There are seveal ways (even here in SO) and they all mention that the best way to keep password on database is to save, not the password, not the hased password, but to store the hash of a salted password.

My question is simple, putting some code on it, is this the correct way?

string username = "myUsr";
string password = "myPwd";
DateTime createDate = DateTime.UtcNow;

// Salt it
string saltedPwd = String.Concat(password, createDate.Ticks.ToString());

// Hash it
HMACSHA1 hash = new HMACSHA1(Encoding.Unicode.GetBytes(Helper.EncryptKey));
string encodedPwd = Convert.ToBase64String(

// Create User in the database
db.CreateUser(username, encodedPwd, createDate);

Database User Table

user_id | username | password | create_date | last_access | active

and upon Login use do the process again and check if the encodedPwd is the same as the salted, hased password that was provided.

My only concern is, is this the best way to salt a password? Is it ok to use the Created Date (as that will always change, and I read that it is best to use always a different salt every time we encode a password...

Or should be the salt a completely different variable?

  • 2
    I'd say it's good, I'd be comfortable with it. It will be enough to defeat rainbow tables. – sipwiz Mar 25 '11 at 10:46
  • How will you validate the password next time, your salt is UtcNow – V4Vendetta Mar 25 '11 at 10:52
  • @V4Vendetta That's the date that is appended to the CreateDate in the UserRow, so I can always check that latter... the date is placed in the Table as well. – balexandre Mar 25 '11 at 10:53
  • 1
    You might consider salting it with the user ID in addition. This prevents copying one password in the DB to another row, changing a user's password. – Krumelur Mar 25 '11 at 10:59
  • @balexandre: sorry missed that, my only concern is ToString() is culture specific as is datetime so need to be careful on that part – V4Vendetta Mar 25 '11 at 10:59

Your implementation is probably good enough, but it would be better to use a salt with more entropy: the ticks value that you're currently using will always be in a relatively small range.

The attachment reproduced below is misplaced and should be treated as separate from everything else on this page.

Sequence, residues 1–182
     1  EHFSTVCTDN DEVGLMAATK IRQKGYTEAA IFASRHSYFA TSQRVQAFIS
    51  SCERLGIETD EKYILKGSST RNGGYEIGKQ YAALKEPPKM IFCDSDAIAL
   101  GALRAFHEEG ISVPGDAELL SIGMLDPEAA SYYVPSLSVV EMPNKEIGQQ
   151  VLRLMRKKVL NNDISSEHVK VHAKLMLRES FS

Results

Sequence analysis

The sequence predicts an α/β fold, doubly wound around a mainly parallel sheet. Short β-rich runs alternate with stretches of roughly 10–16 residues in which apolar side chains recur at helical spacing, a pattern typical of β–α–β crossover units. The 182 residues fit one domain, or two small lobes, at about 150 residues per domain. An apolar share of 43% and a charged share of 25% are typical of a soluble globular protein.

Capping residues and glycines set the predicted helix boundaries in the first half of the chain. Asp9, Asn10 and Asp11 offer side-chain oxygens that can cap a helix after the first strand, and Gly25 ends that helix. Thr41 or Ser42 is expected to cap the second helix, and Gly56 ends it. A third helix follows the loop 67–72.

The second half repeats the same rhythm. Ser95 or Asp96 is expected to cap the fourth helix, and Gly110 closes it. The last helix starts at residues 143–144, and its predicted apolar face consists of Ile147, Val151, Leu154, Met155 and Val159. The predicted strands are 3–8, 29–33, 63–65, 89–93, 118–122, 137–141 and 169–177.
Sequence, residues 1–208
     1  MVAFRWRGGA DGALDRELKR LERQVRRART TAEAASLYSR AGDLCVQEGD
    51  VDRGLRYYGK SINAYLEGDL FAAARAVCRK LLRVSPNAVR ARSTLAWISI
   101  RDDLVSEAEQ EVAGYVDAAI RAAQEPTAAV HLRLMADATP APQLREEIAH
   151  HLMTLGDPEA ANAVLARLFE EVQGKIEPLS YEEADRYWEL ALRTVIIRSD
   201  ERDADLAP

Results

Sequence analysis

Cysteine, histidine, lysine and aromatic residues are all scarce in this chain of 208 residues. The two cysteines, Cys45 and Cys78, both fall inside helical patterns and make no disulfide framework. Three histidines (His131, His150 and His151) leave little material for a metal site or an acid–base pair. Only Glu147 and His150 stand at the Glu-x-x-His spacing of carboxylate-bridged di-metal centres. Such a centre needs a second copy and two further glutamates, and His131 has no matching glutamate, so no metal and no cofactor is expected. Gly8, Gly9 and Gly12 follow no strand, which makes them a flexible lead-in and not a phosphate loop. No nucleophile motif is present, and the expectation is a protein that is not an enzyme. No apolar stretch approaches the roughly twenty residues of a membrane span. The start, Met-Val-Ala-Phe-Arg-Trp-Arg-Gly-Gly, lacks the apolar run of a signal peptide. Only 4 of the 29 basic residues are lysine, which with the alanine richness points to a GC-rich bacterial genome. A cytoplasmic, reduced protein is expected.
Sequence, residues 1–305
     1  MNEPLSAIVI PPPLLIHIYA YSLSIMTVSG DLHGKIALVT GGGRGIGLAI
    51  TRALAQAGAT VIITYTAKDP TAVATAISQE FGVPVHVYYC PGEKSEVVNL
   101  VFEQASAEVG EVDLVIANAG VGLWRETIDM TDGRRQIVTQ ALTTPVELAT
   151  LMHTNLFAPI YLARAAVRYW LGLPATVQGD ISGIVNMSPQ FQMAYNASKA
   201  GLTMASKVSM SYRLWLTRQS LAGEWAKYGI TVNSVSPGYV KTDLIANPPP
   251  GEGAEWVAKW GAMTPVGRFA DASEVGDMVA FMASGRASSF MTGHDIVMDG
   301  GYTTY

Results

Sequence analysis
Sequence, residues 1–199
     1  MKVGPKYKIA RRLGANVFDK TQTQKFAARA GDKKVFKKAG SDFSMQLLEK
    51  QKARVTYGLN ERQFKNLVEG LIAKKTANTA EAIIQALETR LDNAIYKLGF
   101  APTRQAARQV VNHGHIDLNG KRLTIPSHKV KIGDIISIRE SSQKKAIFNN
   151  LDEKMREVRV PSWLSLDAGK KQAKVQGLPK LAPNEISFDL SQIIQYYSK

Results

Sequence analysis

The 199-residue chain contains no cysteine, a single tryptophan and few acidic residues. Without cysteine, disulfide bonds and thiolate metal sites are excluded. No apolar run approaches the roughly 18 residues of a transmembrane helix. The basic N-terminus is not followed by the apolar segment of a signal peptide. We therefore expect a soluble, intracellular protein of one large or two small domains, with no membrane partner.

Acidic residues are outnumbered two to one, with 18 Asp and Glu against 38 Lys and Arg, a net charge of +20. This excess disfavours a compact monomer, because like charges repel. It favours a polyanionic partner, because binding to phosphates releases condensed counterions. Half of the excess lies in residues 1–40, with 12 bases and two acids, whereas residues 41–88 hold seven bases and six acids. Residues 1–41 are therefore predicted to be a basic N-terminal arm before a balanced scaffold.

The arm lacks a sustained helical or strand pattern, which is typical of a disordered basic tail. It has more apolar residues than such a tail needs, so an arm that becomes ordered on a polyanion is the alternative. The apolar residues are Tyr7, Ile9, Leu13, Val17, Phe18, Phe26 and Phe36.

I would suggest using something like PBKDF2 to do the work for you, via Rfc2898DeriveBytes:

string username = "myUsr";
string password = "myPwd";

using (var deriveBytes = new Rfc2898DeriveBytes(password, 20)) // 20-byte salt
    byte[] salt = deriveBytes.Salt;
    byte[] key = deriveBytes.GetBytes(20); // 20-byte key

    string encodedSalt = Convert.ToBase64String(salt);
    string encodedKey = Convert.ToBase64String(key);

    // store encodedSalt and encodedKey in database
    // you could optionally skip the encoding and store the byte arrays directly
    db.CreateUser(username, encodedSalt, encodedKey);

And to authenticate...

string username = "myUsr";
string password = "myPwd";

string encodedSalt, encodedKey;
// load encodedSalt and encodedKey from database for the given username
byte[] salt = Convert.FromBase64String(encodedSalt);
byte[] key = Convert.FromBase64String(encodedKey);

using (var deriveBytes = new Rfc2898DeriveBytes(password, salt))
    byte[] testKey = deriveBytes.GetBytes(20); // 20-byte key

    if (!testKey.SequenceEqual(key))
        throw new InvalidOperationException("Password is invalid!");
  • Wouldn't it be better to use a static salt key in the code, and not save to salt to the database? – Magnus Mar 25 '11 at 11:52
  • 2
    @Magnus: And allow someone who finds out the salt to create rainbow tables for all passwords used on that sit? ;) – ThiefMaster Mar 25 '11 at 12:17
  • Doesn't having the salt in the DB make it very easy to find? – Magnus Mar 25 '11 at 12:36
  • 5
    @Magnus: It doesn't matter that the salt is easy to find; what matters is that each user has a unique, random salt. A good authentication scheme should stand up even if the attacker has access to all the code and all the data. – LukeH Mar 25 '11 at 12:40

I'm wondering why nobody has mentioned BCrypt yet. There is a ready to use implementation for C#. See http://derekslager.com/blog/posts/2007/10/bcrypt-dotnet-strong-password-hashing-for-dotnet-and-mono.ashx

Don't reinvent the wheel if there are proofed solutions for your issue.

  • Indeed. Key strengthening schemes like bcrypt or PBKDF2 are better than plain hashing. – LukeH Mar 25 '11 at 12:45